The release of Mitt Romney's tax returns Tuesday has added fuel to the national debate over how income from wages and investments should be taxed.

Returns showed that the wealthy former Massachusetts governor's effective tax rate for 2010 was 13.9 percent because his income for the year, $21.6 million, was mainly derived from capital gains and dividends, which are taxed lower than regular wages.

A slight majority of Americans favor taxing capital gains and dividends -- a payment from corporation to a shareholder -- at the same rate as work income, according to a new poll from The New York Times and CBS.

The poll showed 52 percent of Americans want a tax policy that does not discriminate sources of income, whether it comes from a pay check or a profit from an investment. More than a third Americans, however, wants investment and shareholder-related income taxed lower than wages to spur investments that boost the economy.

Currently, the top tax rate for long-term capital gains is 15 percent, compared to 35 percent for wage earners. In Romney's case, he paid $6.2 million in federal taxes on $42.5 million in income in 2010 and 2011.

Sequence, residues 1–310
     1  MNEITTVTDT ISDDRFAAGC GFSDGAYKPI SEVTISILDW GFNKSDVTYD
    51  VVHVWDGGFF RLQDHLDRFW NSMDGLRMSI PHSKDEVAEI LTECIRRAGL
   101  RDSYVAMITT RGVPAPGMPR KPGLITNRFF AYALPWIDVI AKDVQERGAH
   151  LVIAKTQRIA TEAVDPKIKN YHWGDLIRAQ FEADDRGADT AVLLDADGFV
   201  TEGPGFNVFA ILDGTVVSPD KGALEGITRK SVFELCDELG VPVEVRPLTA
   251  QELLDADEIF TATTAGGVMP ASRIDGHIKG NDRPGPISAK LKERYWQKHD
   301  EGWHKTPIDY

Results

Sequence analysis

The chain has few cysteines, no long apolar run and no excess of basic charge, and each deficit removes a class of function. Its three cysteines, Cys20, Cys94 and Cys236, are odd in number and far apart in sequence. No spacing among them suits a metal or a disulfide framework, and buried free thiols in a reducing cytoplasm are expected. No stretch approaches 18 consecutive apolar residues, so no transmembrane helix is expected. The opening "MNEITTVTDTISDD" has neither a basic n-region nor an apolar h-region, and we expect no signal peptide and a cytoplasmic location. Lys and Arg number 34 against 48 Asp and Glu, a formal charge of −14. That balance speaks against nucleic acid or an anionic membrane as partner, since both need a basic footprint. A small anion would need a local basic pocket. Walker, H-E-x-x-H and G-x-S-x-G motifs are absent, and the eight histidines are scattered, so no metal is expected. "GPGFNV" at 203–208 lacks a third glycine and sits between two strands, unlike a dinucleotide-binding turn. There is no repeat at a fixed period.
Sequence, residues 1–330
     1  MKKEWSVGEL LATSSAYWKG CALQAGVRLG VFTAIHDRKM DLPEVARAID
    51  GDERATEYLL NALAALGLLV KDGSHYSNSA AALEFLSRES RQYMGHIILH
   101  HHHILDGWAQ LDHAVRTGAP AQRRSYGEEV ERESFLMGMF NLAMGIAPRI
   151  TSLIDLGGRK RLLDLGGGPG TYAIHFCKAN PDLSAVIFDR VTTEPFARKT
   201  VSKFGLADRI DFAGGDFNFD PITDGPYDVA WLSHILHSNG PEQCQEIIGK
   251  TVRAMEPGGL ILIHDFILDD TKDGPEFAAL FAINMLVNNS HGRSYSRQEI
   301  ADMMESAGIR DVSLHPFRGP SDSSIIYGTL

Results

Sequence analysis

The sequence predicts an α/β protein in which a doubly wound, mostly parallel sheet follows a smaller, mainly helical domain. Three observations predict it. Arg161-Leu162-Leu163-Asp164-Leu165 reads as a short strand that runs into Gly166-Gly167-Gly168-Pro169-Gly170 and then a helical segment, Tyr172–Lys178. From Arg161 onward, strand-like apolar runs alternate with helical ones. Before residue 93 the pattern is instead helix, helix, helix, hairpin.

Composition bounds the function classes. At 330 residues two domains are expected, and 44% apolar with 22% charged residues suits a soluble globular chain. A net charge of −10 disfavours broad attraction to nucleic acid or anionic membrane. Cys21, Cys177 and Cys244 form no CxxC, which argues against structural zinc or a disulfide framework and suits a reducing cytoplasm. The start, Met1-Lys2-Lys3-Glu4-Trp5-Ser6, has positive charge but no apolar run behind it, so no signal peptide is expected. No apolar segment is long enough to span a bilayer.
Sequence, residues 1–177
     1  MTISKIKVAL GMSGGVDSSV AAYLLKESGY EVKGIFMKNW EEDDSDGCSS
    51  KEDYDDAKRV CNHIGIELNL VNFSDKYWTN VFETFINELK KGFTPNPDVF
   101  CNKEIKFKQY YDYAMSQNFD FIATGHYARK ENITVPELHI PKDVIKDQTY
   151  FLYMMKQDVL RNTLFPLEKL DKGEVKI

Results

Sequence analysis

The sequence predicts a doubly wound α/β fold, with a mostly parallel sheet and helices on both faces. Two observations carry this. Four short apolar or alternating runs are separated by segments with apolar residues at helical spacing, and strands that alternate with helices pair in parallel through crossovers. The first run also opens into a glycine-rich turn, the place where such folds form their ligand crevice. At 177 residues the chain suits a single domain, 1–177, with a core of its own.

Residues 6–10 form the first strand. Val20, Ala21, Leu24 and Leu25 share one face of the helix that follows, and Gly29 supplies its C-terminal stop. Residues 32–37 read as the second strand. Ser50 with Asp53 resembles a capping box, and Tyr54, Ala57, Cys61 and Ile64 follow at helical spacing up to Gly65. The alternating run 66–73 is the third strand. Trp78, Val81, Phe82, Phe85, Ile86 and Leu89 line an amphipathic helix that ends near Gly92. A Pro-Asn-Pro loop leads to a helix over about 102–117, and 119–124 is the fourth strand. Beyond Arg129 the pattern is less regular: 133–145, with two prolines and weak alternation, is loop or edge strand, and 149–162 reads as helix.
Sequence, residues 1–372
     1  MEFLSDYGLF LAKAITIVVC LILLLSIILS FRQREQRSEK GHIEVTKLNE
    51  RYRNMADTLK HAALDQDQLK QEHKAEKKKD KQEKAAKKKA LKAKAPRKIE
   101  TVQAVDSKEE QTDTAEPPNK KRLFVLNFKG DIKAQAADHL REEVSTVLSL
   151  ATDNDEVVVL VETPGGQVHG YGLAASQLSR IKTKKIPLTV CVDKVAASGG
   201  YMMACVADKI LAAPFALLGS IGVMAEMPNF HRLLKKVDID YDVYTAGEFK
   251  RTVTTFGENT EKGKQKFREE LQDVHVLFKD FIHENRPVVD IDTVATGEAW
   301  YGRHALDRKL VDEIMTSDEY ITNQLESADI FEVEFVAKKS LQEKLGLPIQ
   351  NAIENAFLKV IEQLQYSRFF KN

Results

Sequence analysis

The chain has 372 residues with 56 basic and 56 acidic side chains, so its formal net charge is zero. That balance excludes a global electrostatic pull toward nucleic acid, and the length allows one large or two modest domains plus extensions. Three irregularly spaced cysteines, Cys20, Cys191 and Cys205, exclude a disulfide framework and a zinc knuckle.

The fairness of the tax code is going to play a major role in the 2012 presidential elections. President Barack Obama is planning to discuss the Warren Buffett Rule -- a tax increase on individuals earning more than a million dollars that is named after the billionaire investor who noted that he has a lower tax rate than his secretary.

The poll from the Times and CBS shows that support for higher tax rates for capital gains and dividends breaks on partisan lines. More than two-thirds of Democrats surveyed want these sources of income taxed like regular wages, while more than half of Republicans want to keep the tax rate lower, the poll said.

Independents, the oft-courted group of voters, sided with Democrats in wanting the same tax rate for investment and wage income, at 54 percent, according to the poll.